So if it should be taken 4 months after, why would that nurse tell me 2 weeks is ok?

1998092 tn?1391242845
No apologies needed - all your questions are valid - that's what the forum is for!

What causes a false positive on the IgG hasn't been clearly elucidated in any of the reading I've done so far. If there are any medical personnel on this board, perhaps they can chime in. However, I do not think the IgG is detecting HSV antibodies when they return a false positive. It's likely something else that's falsely triggering the positive result.

By some chance, were you taking antivirals when you had the first test done? Terri Warren mentioned at a support meeting in Portland last year that if a patient is taking antivirals in the first few weeks following the primary infection, it can impact test results. No, I wouldn't predict for sure that whatever it was that caused a false positive will stay in your body forever.

And no, I really urge you to wait until 4 months has passed from exposure to get the Western Blot. Dr. Wald confirmed to me last August that this is the amount of time it usually takes to return an accurate result.
Avatar universal
Thank you for the reassurance!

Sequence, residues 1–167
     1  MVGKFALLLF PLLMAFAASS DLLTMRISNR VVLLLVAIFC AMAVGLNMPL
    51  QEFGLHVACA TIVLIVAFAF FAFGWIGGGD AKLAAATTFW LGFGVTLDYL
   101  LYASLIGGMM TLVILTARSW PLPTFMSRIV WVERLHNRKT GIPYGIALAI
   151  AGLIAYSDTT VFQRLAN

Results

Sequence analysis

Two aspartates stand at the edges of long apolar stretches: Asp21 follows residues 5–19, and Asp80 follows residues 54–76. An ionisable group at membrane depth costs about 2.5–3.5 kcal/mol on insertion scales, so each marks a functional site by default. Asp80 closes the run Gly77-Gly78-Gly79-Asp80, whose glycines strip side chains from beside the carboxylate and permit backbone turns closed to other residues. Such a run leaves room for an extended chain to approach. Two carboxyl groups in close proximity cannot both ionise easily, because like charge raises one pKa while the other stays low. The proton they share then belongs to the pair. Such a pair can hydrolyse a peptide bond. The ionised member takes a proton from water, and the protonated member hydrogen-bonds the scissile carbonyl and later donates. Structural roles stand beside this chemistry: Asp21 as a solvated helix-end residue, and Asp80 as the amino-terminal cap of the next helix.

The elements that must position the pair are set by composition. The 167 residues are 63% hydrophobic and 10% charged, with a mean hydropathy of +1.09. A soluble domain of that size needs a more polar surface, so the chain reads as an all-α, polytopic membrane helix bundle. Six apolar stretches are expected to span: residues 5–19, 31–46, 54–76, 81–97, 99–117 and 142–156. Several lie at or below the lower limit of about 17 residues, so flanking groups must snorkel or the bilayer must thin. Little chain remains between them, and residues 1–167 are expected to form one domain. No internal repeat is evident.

I will speak freely.....

Ok, now it's making sense! See that is the part I wasn't wrapping my head around. IT CAN be detecting something else that may make it a false positive......in my head I'm thinking, ok well if it's positive on a IgG, but not on a WB then what made the IgG positive in the first place for all these people and possibly me?

I wasn't taking any anti-virals. I took an antibiotic called Flagyll for the Bacterial Vaginosis I had gotten.

I had a feeling that you'd say that :/
Four months of anxiety! But I rather be accurate than unsure! I'll wait, it's just killing me to know. I'm trying not to stress, but on the one side my partner keeps wanting to have sex and asking me why I won't and I don't want to tell him what I'm going through because I don't think he'd be understanding. But explain me this if you can.....

So me and him have had unprotected sex before and after I've received these test results, so essentially if I do have it, either way he's been exposed and if I don't have it then we're safe.  So why must you wait for months from the last time you had sex and not four months from when you got tested?

I guess what I'm asking is, would it be unwise to continue to have sex with him? even though he might have been exposed either way?

Avatar universal